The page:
B. thunbergii cvs., B. x gladwynensis ‘William Penn’ and B. x mentorensis are used in landscaping a lot in this area, and, at least in urban settings I honestly can say that I haven't seen a barberry invasion around here. Actually, they are used because of their toughness against the extremes that plantingman mentioned. They also can tolerate our high pH soils. The soils and climatic extremes are probably why they are limited in their invasiveness. I know that the genus is very invasive in other areas.

The same is true for things like English ivy, Vinca minor, burningbush and others that are very invasive elsewhere. This place eats 'em up!

I can vouch for the hardiness of B. thunbergii in general, but know that some of the cultivars do scorch. plantingman, I'm not experienced with 'Green Carpet' so can't advise you on that one. Gut feeling is that it is worth a try, maybe experiment with a 1 gallon size. I have never had a scorch problem with regular red barberry once established.

hortster


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RE: Heat Tolerance of Barberry Plants

The link is from the Kansas Forest Service, but the plants are not confined to forests. Also, even the forest areas that the KFS is concerned with are not what many would consider forests. Examples of what could be considered forest areas include places with trees like windbreaks, shelterbelts, streamside vegetation, and fence rows.

Berberis thunbergii has naturalized in at least four Kansas counties (and very possibly more). As I said, I don't think this species is nearly as much of a problem as a few others, but I also don't think the problem is so small that it should be ignored, especially if other alternatives are available. Barberries can be an attractive plant, but if you have to weed around one or remove debris from one, you won't like them as much anyway. I think there are very likely much better choices available.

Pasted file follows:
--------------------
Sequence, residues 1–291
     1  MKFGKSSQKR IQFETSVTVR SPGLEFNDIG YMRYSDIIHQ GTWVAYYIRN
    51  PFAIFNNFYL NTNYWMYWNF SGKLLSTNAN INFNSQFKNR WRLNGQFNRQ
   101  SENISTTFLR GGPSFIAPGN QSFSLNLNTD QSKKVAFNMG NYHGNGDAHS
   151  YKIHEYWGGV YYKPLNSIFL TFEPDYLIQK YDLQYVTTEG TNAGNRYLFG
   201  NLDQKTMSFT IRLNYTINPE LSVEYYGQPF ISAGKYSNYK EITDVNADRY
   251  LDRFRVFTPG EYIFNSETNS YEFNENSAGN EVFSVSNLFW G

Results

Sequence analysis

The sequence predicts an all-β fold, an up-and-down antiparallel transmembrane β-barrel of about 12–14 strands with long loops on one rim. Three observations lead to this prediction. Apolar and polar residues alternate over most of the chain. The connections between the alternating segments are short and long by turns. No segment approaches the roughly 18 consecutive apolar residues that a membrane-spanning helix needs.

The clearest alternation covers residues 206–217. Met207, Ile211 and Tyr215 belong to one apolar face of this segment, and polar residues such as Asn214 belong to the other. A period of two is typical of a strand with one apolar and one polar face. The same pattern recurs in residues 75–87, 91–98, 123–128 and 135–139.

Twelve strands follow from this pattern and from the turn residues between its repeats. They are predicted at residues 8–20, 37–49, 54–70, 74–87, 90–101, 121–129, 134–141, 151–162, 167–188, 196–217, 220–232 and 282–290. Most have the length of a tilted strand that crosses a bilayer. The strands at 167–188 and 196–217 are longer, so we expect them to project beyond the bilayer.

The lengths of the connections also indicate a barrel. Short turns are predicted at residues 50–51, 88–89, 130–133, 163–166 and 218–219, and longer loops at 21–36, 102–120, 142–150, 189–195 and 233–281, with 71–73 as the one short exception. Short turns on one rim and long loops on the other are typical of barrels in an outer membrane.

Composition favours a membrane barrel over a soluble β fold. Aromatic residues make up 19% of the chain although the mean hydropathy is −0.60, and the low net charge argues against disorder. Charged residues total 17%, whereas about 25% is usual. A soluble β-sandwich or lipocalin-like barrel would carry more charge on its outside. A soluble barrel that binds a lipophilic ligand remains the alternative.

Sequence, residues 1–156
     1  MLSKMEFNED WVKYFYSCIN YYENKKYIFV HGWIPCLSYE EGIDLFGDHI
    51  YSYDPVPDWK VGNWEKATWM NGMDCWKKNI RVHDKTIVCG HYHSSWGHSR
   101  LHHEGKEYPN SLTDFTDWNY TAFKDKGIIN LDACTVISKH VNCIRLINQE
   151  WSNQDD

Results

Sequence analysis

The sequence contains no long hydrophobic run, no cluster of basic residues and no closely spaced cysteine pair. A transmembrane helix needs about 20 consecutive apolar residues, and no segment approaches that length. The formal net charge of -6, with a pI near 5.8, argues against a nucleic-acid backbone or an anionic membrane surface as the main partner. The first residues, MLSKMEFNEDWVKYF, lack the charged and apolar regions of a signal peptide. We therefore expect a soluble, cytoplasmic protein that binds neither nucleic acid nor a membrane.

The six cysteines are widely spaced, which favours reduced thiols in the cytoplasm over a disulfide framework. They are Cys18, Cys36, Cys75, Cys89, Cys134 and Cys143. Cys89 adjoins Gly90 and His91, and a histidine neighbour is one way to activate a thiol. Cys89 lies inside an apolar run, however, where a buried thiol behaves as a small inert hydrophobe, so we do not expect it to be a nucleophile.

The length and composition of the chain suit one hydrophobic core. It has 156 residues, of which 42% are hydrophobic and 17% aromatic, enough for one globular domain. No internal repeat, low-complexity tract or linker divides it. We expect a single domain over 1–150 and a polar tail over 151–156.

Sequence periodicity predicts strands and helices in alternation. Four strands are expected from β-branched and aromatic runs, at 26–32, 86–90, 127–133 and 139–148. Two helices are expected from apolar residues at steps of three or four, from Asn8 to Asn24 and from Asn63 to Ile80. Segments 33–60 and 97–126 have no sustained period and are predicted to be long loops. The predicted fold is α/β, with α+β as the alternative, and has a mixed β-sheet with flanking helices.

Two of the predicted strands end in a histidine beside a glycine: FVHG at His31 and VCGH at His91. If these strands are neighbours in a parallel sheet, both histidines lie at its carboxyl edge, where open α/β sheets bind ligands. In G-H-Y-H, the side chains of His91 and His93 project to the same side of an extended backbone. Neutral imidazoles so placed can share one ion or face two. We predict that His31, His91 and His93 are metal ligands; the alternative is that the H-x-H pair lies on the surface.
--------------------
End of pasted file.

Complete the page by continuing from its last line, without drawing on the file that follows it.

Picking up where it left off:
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RE: Heat Tolerance of Barberry Plants

This is why I like coming to GW, I usually get very hepful info. I agree with Hortster concerning plants that are supposed to be invasive. They aren't much of an issue around here. There are some that are though. Ailanthus altissima (Tree of Heaven) is one that comes to mind.
If I decide against barberry, it won't be because of any potentially invasive issues, it would be because of the painful thorns. Ouch!
I do think that an alternating row of red and green barberry shrubs would be kind of cool to look at, but I haven't decided if the thorns are a good trade off.


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RE: Heat Tolerance of Barberry Plants

"plants that are supposed to be invasive...aren't much of an issue around here."

I don't think Hortster would ever say that. He was referring only to the species Berberis thunbergii.. There are certainly invasive plants in your area! Different areas have different plants that seem to thrive (to the point of being a problem) there. Also, thriving can be relative. Just because your ecosystem does not match what you think of when you think of invasive plants, doesn't mean you are home free. It's your decision whether to plant a Berberis. Doing so, may be the equivalent of throwing some cigarette butts out of the window while going down the highway or it may be worse. I doubt anyone, familiar with Kansas and the particular species, would say that it was like dumping toxic waste, but it never hurts to step back and evaluate the situation.